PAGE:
That was the global strategy and a lot of the concepts in that paper, which was leaked to The New York Times and created a huge scandal because Bush himself and Scowcroft all repudiated and said “This is nuts” because it will cost us way too much money. But, that is the inspiration behind the Project for the New American Century. Essentially that was the hawks manifesto and it was written under, of course, Dick Cheney. In fact, Wolfowitz and Libby were almost fired when that document was leaked, not for leaking it, but for its content. It was Cheney that came in and saved them and kept them on.

That was a memo to [former Israeli Prime Minister Binyamin] Netanyahu which stated that the key to shifting the balance of power permanently in Israel’s favor in the region and being able to dictate to the Palestinians a final peace is to one, overthrow Saddam Hussein. Once you overthrow Saddam Hussein you de-stabilize [Syrian President] Assad and you are finished with Arab nationalism and that will permit Israel to essentially dictate the terms of peace. That represents to some extent the thinking of the neo-con/Christian right component within this hawk coalition.

The second strategy is a regional strategy. This is very much of a neo-conservative/Christian right strategy and most people point to the paper that was written by David Wormser, who now works for Cheney, in a study group that included Douglas Feith, who now works at Georgetown, Richard Perle and three or four other people. That was a memo to [former Israeli Prime Minister Binyamin] Netanyahu which stated that the key to shifting the balance of power permanently in Israel’s favor in the region and being able to dictate to the Palestinians a final peace is to one, overthrow Saddam Hussein. Once you overthrow Saddam Hussein you de-stabilize [Syrian President] Assad and you are finished with Arab nationalism and that will permit Israel to essentially dictate the terms of peace. That represents to some extent the thinking of the neo-con/Christian right component within this hawk coalition.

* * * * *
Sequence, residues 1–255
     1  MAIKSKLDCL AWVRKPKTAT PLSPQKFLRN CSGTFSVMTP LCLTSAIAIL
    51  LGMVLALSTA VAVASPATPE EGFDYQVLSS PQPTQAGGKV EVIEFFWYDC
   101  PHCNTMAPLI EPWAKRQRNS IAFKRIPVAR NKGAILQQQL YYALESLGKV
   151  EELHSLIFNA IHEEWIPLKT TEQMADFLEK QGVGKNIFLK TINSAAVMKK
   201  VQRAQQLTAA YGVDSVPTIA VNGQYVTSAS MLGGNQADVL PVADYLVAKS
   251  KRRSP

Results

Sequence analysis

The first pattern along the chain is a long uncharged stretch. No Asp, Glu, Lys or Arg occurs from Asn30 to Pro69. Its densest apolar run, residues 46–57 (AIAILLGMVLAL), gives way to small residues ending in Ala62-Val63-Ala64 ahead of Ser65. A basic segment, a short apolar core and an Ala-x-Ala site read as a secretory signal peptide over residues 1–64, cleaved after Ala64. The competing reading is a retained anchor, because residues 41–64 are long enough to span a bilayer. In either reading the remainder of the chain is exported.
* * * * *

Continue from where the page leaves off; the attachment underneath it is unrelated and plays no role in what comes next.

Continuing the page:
What you have as of 9/11 is both strategies going into effect. The realists at that moment could not give Bush a persuasive and sweeping enough strategy to grab his attention as to how to deal with 9/11. The PNAC coalition on the other hand had these kinds of plans right ready on the shelf and said, “Here, Mr. President, this is what we are going to do.” PNAC laid it out in a very important letter in The Washington Post, which nobody noticed on September 20, nine days after 9/11, which laid out the regional strategy more than the global strategy. The regional strategy was: you take out the Taliban, but you can’t possibly have a good war on terror without possibly taking out Saddam Hussein and then you have to deal with Hizbollah, and you know behind Hizbollah are Iran and Syria and if they don’t cut their support they will suffer serious consequences and, incidentally, you have to cut off Arafat.

About half of this agenda was accomplished in about a year and a half if you think about it. This was the period of neo-con dominance of the administration and indeed the zenith was the invasion of Iraq, Bush had already broken with Arafat and, more or less, cut off the Palestinian Authority or laid down conditions for the continuation or resumption of aid. They were feeling so strong at that moment, which is March - April 2003, that when the Iranians came in with a negotiating proposal in May 2003 that vowed to cover all outstanding issues, I mean this was unprecedented in terms of flexibility on the part of the Iranians, the administration, despite the very strong opposition of the realists, then concentrated in Secretary of State Colin Powell, said, “No. We are just not interested. In fact, this kind of angers us, or it irritates us.” They complained to the government of Switzerland that their ambassador, who is the protective power for Iranian interests, who actually conveyed this proposal to them, said, “That was way out of line.” So, you can see how strong they feel as of May 2003.